The answer, if you’re wondering, is lonely.
That’s not what I’m supposed to say. As a supposedly well-adjusted adult—one who is comfortable enough her sobriety—I feel like I’m supposed to say I’m always happy to be sober. I don’t begrudge partiers their fun (though I’m sure it sounds like I do). Instead, I begrudge only the expectation that I should partake in the merriment, thereby making me feel like something other than who I am.
It is not the abstaining from alcohol that’s difficult and isolating—it’s the stubborn insistence that you either play along with faux revelry or keep quiet and drink your juice with a smile. It’s a false dichotomy: one that says you must either lie to yourself and others, or be miserable. You are either the whole, happy town of Whoville or the Grinch, determined to abscond with everyone else’s joy. This is why we sober people get quiet in groups of holiday revelers: We can’t quite play along, but we also don’t want to get in the way of your fun.
As children, the holidays inspired a feeling of magic and wonder. Of course, for many children, that’s far from the reality. But the messaging is all there: presents, twinkly lights, miracles on 34th street, and a solid two weeks without school.
As adults, we strive to recapture this magic; society practically forces the nostalgia upon us. We’re bombarded by reminders that we’re supposed to be filled with joy, but it’s not quite the same after our wisdom teeth have departed and taken our suspended belief with them.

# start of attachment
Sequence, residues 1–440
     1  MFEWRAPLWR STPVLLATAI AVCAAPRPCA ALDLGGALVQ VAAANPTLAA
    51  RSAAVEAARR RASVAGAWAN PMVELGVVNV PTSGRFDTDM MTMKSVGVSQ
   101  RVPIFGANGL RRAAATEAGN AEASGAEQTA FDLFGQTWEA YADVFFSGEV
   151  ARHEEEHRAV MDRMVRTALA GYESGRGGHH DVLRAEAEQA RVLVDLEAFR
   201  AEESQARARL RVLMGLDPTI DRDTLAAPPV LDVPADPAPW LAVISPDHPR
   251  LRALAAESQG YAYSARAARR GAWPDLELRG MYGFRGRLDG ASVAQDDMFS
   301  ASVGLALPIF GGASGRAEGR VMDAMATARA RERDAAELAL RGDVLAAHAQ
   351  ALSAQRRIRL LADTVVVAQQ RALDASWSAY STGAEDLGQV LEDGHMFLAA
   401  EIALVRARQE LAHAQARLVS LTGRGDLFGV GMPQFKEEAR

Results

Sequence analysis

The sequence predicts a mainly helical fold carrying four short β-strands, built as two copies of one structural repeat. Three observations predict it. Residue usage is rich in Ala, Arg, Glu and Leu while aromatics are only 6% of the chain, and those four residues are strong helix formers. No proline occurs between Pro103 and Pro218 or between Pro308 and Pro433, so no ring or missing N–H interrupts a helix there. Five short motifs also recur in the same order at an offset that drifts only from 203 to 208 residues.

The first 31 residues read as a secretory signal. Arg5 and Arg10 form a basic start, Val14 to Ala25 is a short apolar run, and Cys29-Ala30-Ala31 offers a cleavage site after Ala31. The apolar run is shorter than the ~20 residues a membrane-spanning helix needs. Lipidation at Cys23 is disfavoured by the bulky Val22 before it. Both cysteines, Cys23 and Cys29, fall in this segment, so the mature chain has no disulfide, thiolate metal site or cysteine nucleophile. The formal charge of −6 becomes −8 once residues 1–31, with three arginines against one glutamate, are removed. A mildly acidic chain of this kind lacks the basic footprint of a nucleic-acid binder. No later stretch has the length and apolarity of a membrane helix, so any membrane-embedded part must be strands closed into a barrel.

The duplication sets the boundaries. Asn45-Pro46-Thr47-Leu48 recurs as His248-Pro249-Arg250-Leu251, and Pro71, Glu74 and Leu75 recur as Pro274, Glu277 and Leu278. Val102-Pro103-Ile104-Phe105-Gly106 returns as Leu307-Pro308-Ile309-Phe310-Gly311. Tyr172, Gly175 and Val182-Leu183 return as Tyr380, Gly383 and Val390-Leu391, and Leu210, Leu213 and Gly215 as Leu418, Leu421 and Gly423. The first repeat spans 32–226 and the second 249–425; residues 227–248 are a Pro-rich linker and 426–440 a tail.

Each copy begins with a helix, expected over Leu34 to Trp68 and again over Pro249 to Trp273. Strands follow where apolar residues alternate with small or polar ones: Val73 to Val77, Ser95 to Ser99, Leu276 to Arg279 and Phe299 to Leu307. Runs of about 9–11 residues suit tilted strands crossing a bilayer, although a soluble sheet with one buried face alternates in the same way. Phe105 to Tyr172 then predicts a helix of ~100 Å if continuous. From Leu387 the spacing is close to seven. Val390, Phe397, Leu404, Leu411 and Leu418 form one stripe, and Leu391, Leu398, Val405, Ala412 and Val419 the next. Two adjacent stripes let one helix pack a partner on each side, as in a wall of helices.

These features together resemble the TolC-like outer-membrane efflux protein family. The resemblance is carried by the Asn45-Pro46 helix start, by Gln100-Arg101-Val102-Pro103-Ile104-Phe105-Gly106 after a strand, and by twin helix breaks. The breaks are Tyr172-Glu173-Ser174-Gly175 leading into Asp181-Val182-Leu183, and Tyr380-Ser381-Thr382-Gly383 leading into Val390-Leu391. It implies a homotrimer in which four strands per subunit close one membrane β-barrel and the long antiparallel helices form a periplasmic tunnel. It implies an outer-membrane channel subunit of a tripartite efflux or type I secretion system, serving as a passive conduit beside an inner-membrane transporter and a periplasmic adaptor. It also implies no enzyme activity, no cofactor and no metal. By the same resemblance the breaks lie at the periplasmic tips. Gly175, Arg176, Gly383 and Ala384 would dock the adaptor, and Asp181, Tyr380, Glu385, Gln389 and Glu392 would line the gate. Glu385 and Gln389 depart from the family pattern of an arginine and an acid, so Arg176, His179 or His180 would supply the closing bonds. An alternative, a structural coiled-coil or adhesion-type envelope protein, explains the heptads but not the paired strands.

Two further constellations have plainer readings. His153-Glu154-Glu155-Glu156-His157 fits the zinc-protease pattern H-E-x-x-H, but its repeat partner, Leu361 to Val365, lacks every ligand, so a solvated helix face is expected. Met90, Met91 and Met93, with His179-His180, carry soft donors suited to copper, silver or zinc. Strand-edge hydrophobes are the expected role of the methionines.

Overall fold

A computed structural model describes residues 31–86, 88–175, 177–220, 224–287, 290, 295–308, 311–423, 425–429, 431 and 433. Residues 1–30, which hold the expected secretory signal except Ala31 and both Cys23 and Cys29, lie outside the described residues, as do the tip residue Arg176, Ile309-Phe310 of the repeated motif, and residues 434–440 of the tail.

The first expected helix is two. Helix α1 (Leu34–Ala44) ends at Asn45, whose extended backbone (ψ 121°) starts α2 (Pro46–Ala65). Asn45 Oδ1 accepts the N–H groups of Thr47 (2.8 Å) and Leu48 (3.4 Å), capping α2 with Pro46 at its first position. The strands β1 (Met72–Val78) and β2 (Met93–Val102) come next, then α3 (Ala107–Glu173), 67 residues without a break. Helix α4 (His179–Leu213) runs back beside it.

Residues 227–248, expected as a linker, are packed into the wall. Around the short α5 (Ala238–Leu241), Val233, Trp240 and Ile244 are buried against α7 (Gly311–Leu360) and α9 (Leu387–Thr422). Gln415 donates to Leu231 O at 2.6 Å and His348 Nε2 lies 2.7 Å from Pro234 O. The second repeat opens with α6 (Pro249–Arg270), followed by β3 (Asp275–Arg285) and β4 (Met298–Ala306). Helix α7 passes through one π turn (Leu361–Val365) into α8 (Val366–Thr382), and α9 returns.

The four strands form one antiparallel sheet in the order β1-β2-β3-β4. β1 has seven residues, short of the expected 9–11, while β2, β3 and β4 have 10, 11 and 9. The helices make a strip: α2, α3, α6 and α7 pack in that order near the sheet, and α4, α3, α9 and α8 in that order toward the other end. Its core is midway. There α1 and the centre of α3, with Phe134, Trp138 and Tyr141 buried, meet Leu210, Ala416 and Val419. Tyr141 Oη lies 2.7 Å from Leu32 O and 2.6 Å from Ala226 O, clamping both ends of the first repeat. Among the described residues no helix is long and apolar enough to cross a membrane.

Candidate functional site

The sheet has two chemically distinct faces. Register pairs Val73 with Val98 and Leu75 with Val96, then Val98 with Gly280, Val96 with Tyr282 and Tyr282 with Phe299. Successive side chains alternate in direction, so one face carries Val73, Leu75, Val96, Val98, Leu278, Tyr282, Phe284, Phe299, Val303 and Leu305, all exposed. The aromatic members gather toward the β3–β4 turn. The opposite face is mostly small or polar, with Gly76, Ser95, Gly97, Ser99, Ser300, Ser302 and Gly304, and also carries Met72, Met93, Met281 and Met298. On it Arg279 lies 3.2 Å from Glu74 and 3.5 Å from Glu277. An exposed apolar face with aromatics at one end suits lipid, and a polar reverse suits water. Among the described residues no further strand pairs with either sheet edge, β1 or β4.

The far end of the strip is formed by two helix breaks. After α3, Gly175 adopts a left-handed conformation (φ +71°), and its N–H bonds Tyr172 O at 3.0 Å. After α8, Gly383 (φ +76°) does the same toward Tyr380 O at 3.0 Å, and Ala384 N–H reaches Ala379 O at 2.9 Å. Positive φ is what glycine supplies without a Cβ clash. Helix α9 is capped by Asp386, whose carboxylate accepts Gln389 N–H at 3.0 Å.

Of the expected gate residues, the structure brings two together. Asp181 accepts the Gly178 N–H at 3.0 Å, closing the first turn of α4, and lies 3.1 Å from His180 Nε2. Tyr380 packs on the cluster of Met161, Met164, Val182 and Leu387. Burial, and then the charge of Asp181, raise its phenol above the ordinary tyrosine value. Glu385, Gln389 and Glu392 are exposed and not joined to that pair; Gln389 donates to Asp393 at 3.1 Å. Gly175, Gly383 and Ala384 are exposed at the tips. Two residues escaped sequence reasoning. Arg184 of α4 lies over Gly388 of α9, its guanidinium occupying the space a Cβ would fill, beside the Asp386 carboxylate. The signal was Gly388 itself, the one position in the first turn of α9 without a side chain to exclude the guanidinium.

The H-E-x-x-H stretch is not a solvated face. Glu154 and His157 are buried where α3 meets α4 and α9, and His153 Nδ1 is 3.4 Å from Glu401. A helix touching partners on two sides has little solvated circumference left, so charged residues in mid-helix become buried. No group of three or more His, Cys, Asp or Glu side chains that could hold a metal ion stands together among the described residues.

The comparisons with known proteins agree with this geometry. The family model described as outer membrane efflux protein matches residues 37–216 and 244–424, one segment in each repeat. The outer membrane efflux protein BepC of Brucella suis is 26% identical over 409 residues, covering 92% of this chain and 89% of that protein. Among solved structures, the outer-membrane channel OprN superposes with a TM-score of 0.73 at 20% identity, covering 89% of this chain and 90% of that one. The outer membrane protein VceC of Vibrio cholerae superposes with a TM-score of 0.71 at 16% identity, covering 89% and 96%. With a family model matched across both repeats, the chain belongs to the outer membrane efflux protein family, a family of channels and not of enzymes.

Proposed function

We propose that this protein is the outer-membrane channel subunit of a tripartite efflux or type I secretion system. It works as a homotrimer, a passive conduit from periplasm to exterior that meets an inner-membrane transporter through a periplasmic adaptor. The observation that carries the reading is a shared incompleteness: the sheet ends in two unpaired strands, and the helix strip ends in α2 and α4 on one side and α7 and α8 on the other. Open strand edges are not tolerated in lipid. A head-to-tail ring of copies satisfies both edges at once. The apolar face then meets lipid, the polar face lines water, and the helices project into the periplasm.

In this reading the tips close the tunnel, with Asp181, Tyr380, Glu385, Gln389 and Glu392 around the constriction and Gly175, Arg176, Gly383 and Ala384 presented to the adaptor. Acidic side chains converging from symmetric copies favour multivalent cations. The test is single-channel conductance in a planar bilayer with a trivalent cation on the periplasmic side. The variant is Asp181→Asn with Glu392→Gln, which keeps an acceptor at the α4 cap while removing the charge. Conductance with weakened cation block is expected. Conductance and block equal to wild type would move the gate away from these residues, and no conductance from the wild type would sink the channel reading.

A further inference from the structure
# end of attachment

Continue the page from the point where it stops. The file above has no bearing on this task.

Instead, our holiday cheer now comes in liquid form. We recreate a sense of possibility and magic by fueling up with booze and seeing where the night takes us.
I don’t think there’s anything inherently wrong with that—but it’s not the only way to enjoy the holiday season. There are plenty of us who experience the whirlwind of the holidays without spinning around until we puke, and it has taught us how to make our own fun.
I’m fortunate to have friends who have been endlessly considerate, asking me what non-alcoholic beverages they can buy for their holiday parties and returning with a truly stunning array of fizzy juices. But I’ve also spent more than a few evenings drinking tap water because the host has four different kinds of vodkas but not a single mixer. I learned early on in my sobriety that if you want to be sure there’s something non-alcoholic at the event you’re attending, you’d better bring it yourself.
We are in control of our own actions and merry-making—not the alcohol. Just because liquid merriment is entwined with the holidays like tinsel around a tree doesn’t mean you need to chop the whole occasion down if you don’t partake. The holidays are a time where your relationships with your friends and family should be emphasized, not the bottle of wine you share with them.
So don’t look at us non-drinkers with pity or not engage us in the third round of “All I Want For Christmas Is You.” If we can make our own yuletide magic, so can you—and it doesn’t always exist at the bottom of the punch bowl.